But beyond the constant battles that we face when saying no to our kids, what does it say about us if we are in a constant mode of refusal in our daily lives? We have all seen the self-help gurus who tell us that one of the crucial steps to finding inner peace is learning to say “no”. I think that’s useful when we are in a situation where we are constantly and literally  being taken advantage of. Agreeing to complete someone else’s project, lying to your boss at the request of a colleague, or loaning money to a family member or friend whom you know will never pay you back all probably deserve a firm response toward the negative. But how many times in our daily lives are we really put in a position where saying “yes” will cause us anything worse than a minor inconvenience? And what’s more, how many times are we not even given a chance to say “yes” because the person(s) in our relationships have learned to expect a “no” and thus avoid the question altogether?

I remember a job I had years ago working in an emergency department. The staff loved to go out for breakfast and beers after the last night shift of the stretch. I found myself one day really hoping to be invited (it was a long, painful stretch of nights), but nobody approached me with an invitation. I asked a nurse friend of mine once why. Her response? “We didn’t figure you wanted to go because when we used to ask you’d always say ‘no.’” How many times in my life have I missed out on something I would have loved to do, or an opportunity to affect someone’s life in a positive way because my track record or body language screamed “no”?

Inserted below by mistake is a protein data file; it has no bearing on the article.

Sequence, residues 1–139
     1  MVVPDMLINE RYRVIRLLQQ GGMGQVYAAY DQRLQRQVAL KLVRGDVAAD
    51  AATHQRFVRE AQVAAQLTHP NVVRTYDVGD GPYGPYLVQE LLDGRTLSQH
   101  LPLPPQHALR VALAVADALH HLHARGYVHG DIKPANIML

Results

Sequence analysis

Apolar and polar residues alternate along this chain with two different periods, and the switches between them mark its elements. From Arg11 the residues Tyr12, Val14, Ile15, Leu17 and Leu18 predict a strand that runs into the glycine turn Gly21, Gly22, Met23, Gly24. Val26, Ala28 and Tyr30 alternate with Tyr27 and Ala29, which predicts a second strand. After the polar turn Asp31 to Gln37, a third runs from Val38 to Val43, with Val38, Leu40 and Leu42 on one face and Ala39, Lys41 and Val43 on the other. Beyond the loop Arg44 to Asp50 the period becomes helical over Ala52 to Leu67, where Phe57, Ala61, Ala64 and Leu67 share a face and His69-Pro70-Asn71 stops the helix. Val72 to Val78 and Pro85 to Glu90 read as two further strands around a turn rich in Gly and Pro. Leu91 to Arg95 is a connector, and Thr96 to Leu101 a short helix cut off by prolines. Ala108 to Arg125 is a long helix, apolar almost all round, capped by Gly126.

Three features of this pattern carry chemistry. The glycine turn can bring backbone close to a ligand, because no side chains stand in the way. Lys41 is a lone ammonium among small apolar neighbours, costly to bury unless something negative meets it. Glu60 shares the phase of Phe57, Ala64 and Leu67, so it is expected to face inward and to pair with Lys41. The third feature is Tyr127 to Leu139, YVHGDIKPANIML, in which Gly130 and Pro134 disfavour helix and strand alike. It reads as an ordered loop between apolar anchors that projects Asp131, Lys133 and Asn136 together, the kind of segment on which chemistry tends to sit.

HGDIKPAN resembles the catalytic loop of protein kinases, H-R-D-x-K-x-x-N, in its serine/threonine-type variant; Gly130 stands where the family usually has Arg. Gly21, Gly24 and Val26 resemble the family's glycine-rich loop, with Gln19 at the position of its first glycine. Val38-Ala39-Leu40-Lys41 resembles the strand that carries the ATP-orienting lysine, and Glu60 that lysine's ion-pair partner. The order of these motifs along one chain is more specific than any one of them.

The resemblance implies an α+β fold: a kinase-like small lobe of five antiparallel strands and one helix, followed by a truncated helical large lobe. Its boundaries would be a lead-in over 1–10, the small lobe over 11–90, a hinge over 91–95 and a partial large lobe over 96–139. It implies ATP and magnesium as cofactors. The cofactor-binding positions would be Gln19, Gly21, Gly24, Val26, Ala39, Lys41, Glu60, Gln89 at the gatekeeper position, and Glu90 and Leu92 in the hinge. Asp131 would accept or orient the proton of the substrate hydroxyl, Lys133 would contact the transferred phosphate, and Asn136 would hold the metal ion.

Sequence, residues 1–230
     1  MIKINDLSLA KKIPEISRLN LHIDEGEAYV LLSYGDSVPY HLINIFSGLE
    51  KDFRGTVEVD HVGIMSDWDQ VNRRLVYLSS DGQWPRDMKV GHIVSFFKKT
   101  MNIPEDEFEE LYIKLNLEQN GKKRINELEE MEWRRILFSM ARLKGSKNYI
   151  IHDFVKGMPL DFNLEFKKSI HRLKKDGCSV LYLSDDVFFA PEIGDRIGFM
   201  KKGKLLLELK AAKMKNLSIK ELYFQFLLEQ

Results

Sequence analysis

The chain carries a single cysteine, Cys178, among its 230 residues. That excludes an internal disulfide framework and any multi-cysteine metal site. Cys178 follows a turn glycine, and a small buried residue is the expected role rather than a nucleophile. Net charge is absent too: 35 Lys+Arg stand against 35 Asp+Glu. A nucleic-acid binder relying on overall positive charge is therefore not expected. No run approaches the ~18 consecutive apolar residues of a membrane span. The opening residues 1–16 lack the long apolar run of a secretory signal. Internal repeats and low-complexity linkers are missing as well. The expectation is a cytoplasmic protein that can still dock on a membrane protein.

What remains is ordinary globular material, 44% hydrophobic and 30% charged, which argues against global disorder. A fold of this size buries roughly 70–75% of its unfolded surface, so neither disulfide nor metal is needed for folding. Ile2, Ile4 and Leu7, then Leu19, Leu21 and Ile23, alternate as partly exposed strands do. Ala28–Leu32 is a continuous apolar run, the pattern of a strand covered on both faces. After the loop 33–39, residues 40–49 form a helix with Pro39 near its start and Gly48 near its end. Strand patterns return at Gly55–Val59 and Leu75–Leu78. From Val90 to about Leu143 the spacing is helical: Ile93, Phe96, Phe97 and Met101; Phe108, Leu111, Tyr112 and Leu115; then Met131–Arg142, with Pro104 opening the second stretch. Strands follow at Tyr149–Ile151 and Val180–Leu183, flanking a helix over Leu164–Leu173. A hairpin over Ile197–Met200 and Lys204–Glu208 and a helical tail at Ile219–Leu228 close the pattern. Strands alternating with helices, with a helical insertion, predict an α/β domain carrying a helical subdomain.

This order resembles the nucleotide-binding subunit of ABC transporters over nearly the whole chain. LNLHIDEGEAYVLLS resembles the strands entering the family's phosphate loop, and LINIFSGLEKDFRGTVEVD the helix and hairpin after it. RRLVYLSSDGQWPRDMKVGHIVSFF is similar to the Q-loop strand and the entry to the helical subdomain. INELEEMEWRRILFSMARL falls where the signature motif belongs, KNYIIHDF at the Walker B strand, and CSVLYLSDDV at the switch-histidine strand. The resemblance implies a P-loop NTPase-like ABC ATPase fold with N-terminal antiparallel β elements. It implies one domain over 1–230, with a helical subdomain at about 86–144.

I decided to spend a week letting “no” be a word lost from my vocabulary. I was going to make a concentrated effort in every part of my life to avoid saying “no” to anyone for any reason. It seemed impossible, until I tried.

Me (in the back) prepping to ride “The Comet” at the Olympic bobsled track in Park City. Saying “yes” can lead to some (fast) fun!



“Knowing that I was open to any opportunity, request or situation made me actually interested in what was to come that day.”





The first thing I found was that I was excited to give it a shot. Knowing that I was open to any opportunity, request or situation made me actually interested in what was to come that day. I was excited to see what there was for me to experience when I was willing to at least consider experiencing everything. I actually woke up happier to start my day than I had in awhile.

What I didn’t experience was an overwhelming list of unreasonable asks on the part of those I came into contact with. Now, this was only a week long experiment, and it’s not as though I walked around with a sign reading, “yes man” on my chest, but I didn’t find myself actually all that burdened with the overwhelming amount of requests for my time, talents or money that I’d previously managed to convince myself existed before I’d taken on this task. Is it possible that I had overestimated how many times I’m asked for a favor or a task? Do we like to think of ourselves as taken advantage of more often than we really are? I don’t know if I can generalize a week into my life, but I know that saying “yes” didn’t really affect my life in such a way that I was sorry to have taken on this challenge.

In fact, I kind of liked it.